Following the Flush

Following the Flush on www.motherearthnews.comFollowing the flush to septic bliss
December 2, 2008

Back when our drains dumped into a city waste water system, we didn’t think much about sewage beyond what might be behind a plunger. But after moving to a rural farm house with a neglected, though functioning, septic system, we’ve found ourselves flush with tank tips.

First, what we did wrong: we didn’t ask the home seller dig up the lid of the septic tank before we bought the house. We had a pretty little map that showed where the septic system should be, but it took a dowsing stick experiment, lots of digging (that included tearing up parts of our deck) and three visits from a pro, who had to resort to fishing in our toilet with a tracking device as bait, to find our tank.

Next, five things we (and you) can do right.  After chatting with our friend, Jim Levine of Vann Boys Septic Service in North Carolina, and the folks at Outhouse Rentals & Septic Tank Pumping here in Floyd, VA, we’ve gathered some important tips:

  1. Septic additives fall somewhere on the scale between pointless and harmful. On the other hand, helpful bacteria can be added to counteract what’s killed by household cleaners, much in the way eating live-culture yogurt can replenish intestinal bacteria after a round of antibiotics.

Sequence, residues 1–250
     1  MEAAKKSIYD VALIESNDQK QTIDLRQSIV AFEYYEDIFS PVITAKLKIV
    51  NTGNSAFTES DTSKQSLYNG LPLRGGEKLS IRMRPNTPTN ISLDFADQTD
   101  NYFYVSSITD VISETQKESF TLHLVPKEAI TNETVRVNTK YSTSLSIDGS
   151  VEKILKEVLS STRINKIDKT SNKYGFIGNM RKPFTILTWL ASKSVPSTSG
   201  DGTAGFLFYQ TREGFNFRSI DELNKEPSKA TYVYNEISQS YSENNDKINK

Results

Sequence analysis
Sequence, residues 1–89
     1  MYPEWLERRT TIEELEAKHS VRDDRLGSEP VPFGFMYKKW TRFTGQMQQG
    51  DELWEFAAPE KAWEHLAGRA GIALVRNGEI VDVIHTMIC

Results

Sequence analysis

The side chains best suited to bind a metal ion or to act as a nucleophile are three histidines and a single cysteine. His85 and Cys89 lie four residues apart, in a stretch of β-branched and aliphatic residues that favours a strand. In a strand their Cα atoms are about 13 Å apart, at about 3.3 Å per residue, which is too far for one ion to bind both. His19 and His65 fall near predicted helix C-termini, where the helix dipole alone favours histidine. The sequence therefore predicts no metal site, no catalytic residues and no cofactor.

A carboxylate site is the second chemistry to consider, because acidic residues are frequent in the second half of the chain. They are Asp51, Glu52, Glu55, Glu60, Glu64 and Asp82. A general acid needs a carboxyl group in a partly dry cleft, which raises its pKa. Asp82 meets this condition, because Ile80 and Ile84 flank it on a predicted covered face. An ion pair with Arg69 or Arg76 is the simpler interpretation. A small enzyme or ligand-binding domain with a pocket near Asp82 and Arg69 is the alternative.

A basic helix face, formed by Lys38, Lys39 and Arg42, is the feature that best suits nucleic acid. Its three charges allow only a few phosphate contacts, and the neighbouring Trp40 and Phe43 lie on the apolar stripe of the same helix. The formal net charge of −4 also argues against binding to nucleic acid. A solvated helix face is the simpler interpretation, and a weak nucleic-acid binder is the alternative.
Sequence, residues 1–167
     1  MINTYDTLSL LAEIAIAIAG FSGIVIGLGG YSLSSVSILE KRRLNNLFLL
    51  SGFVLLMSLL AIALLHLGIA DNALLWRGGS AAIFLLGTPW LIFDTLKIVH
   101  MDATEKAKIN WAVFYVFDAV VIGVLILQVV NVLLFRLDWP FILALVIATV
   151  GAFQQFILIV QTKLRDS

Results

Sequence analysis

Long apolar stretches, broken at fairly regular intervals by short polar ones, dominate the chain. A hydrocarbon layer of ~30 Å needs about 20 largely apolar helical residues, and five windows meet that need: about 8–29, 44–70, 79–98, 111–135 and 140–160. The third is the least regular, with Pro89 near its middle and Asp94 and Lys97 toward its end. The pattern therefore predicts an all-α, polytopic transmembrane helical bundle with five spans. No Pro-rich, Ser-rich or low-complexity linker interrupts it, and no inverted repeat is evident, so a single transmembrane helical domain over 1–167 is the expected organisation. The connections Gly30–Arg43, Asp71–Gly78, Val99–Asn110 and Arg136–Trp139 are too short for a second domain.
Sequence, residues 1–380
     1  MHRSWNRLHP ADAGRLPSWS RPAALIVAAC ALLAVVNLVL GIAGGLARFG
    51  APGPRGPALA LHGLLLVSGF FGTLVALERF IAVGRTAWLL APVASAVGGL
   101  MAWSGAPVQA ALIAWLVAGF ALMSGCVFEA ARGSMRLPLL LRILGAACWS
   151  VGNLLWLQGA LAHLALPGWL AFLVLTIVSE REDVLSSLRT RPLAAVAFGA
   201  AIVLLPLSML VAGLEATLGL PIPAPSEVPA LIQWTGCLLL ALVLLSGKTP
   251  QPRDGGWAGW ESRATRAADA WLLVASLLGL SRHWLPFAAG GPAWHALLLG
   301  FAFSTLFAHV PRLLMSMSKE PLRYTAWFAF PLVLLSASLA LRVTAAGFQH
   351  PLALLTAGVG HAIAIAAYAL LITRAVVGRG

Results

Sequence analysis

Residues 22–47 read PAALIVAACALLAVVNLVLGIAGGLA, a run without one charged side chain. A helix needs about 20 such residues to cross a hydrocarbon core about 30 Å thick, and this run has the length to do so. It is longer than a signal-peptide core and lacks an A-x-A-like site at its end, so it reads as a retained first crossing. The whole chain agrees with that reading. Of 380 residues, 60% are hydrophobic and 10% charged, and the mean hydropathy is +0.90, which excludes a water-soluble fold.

2. Be thoughtful about what goes down the drain. Gentle cleansers deplete less bacteria and grease just clogs up the system. As Jim suggested, we scrape all our grease and fatty leftovers into old cans which we keep in the freezer until our next trash run.
  3. Space water use. Despite having a high-efficiency washer, we have discontinued laundry day in favor of a trickle of laundry throughout the week. We’re also careful to space out dishwashing, showering and other water-intensive chores.
  4. Coated toilet papers might be nice for the tush but they’re garbage in the tank. The folks at Outhouse suggested testing paper by putting a couple of sheets in a jar of water and giving it a good shake. If it shreds, it’s septic safe. Just say no to any TP that stays in nice, neat squares.
  5. Allow only grass or shallow-rooted bulbs and perennials to grow in the septic field. Tree roots are the main cause of system failure.

Share your septic woes and hard-earned tips for a healthy system in the comments section below.